Vic and Danny’s plan is to keep Alice alive (Genna Arterton) while they demand and arrange for a substantial ransom from her father. But don’t expect to see tense standoffs or shouting matches over telephones; such histrionics are by now tiresome and all-too-familiar. Thankfully, Blakeson’s script keeps them off-screen and irrelevant to the drama at hand.

The script’s focus lies in its secrets: Vic and Danny are in cahoots but Danny has an ulterior motive for the kidnapping. Indeed, Danny is the pivot on whom all of “Disappearance’s” secrets revolve: His familiarity with Alice, for instance, goes beyond merely having suggested her as their target. And while she and Danny share a private trust, Alice is, in fact, only one component in Danny’s triangle of duplicitous intimacy. Sexual politics figure prominently in “Disappearance’s” mind games and give a fresh twist to the well-known device of positing schemes above schemes as each character goes about turning the tables in his or her favor.

It’s not so much the duplicities themselves, but the relish with which Blakeson exploits his story’s hothouse atmospherics: A stand-out scene in which Danny tries to keep Vic from noticing a stray bullet shell while the latter spoon feeds a bowl of soup to their captive demonstrates the director’s penchant for suspenseful pacing, editing, and even sound as what we largely hear is the quickening clink of the spoon and the gulps of soup. This is effective, old-school filmmaking in which the fundamentals of the form are brought out from the cinematic toy box and cranked up again effectively enough as to evoke the classical masters (even The Master of Suspense himself).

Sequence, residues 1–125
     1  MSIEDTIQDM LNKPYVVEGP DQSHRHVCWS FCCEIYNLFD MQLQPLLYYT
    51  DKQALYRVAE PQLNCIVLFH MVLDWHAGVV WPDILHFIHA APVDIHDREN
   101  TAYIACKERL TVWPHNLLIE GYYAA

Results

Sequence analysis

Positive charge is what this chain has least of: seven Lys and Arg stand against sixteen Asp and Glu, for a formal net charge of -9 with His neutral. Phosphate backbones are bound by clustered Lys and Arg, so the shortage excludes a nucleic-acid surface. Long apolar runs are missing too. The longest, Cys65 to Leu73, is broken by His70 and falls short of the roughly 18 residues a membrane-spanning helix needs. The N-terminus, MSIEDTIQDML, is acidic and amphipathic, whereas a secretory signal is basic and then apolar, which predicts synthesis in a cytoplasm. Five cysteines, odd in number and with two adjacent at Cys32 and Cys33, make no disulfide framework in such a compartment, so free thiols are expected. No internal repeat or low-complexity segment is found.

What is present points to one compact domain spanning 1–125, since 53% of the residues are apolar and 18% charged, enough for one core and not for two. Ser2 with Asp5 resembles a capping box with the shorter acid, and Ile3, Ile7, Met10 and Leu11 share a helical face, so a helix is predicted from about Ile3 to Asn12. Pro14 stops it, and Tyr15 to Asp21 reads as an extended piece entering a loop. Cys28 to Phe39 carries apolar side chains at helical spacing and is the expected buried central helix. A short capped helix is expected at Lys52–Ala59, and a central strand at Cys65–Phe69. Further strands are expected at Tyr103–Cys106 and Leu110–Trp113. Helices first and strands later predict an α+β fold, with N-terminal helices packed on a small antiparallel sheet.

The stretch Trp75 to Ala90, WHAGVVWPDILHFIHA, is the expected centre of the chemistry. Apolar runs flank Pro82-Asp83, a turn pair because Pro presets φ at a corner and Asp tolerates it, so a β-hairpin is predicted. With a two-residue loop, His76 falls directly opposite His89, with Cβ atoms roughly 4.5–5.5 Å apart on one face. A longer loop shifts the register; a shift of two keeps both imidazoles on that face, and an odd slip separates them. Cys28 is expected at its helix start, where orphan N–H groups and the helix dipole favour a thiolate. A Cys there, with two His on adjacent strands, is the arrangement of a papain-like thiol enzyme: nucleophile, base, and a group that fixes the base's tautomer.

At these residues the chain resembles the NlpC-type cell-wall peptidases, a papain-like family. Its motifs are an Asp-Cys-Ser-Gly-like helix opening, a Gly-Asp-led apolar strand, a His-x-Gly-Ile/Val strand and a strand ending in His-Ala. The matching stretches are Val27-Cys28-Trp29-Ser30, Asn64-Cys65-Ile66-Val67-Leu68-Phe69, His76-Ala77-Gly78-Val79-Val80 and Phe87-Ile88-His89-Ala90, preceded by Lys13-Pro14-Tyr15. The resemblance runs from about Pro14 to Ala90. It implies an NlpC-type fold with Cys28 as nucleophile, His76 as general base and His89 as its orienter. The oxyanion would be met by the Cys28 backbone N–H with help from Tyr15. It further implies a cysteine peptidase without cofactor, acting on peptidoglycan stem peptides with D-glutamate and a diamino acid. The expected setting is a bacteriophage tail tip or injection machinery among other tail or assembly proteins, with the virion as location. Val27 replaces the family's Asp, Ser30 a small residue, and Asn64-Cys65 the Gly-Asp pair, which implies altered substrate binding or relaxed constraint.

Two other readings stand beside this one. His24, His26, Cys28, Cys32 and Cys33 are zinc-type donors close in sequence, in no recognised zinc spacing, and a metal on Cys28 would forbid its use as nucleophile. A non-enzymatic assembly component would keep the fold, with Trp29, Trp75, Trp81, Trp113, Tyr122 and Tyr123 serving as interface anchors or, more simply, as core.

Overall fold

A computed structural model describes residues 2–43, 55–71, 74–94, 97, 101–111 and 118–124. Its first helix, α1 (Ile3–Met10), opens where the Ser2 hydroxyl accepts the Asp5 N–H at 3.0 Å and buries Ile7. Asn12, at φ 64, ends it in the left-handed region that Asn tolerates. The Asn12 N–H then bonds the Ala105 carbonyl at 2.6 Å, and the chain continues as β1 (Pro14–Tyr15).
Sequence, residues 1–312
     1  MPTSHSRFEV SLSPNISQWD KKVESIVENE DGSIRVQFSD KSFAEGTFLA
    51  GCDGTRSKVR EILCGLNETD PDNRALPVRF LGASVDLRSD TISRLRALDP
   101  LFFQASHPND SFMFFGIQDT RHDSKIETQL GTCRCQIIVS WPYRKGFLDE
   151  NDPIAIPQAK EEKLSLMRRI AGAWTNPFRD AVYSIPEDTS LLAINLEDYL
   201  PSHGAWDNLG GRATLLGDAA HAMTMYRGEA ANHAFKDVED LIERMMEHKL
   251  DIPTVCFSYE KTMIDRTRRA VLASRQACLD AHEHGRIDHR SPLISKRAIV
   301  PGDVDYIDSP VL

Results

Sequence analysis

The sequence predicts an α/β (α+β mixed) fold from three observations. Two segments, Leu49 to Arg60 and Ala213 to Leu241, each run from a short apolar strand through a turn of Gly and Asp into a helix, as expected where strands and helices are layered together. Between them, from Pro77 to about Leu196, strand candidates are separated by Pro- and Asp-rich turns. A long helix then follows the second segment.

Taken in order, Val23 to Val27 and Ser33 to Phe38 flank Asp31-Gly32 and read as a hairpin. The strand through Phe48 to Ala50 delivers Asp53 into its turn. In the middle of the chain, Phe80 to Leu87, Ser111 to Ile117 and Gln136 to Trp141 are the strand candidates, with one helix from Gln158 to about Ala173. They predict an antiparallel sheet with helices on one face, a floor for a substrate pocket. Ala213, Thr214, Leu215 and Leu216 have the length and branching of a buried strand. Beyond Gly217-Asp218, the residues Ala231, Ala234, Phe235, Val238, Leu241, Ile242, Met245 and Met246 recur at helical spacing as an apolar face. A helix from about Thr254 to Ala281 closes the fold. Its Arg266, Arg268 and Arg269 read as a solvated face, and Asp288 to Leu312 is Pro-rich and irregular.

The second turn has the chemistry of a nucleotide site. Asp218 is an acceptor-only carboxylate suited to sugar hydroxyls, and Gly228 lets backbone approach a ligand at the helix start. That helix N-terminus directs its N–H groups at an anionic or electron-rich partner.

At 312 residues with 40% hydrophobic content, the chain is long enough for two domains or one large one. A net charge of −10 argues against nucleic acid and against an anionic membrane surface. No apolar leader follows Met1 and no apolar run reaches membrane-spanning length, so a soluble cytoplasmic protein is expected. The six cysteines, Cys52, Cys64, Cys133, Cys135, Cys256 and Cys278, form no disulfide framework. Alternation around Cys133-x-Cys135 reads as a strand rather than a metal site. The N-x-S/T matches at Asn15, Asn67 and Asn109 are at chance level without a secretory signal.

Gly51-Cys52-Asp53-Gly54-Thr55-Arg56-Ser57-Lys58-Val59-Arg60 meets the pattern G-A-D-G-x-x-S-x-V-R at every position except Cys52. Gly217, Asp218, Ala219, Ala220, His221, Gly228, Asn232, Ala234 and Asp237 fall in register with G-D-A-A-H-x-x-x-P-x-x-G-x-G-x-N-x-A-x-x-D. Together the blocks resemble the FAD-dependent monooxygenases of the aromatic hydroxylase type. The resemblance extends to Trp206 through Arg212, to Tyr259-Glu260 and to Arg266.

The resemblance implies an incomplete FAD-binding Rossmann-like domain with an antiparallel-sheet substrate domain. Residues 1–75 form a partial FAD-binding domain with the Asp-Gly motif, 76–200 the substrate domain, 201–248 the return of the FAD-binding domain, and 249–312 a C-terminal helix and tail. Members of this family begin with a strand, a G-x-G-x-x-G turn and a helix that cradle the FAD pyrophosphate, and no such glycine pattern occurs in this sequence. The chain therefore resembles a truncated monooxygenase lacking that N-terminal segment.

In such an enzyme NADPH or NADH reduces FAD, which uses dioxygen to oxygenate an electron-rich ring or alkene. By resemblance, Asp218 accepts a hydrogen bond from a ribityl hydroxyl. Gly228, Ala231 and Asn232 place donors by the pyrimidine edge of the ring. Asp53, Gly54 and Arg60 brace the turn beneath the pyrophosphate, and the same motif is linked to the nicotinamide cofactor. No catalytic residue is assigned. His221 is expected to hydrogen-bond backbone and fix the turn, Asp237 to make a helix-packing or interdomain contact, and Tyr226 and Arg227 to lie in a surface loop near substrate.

What nags about Blakeson’s project, though, is its all-too-clever shape, one in which all the pieces are too precisely timed and fitted into place. It’s the by-plays between Danny and Alice, Danny and Vic and, finally, Vic and Alice, that drive much of the intrigue in the script, each occurring in an order and with an outcome designed to optimize audience reaction. “Disappearance” eventually becomes so manic and preoccupied by what it must hide and reveal that Blakeson’s contrivances eventually become a tad too conspicuous.

Thanks to a trio of terrific performances, however, the script’s weaknesses are smoothed over. Arterton plays Alice with a compelling mix of humor and feisty resilience opposite Compston’s suggestible but ultimately venal Danny. It’s Marsan, though, who commands most of our attention, portraying Vic as a tortured soul, driven by more than money. By turns, vulnerable and dangerous, Vic is what keeps us rooted and invested in the film’s machinations. Blakeson is clearly a talent to watch, a filmmaker versed in the elementals of style and of the noir form, and he’d be lucky to nab Marsan again should he wish to continue his explorations of the crime saga.

Grade: B+

Directed by: J Blakeson
Written by: J Blakeson
Cast: Genna Arterton, Martin Compston, Eddie Marsan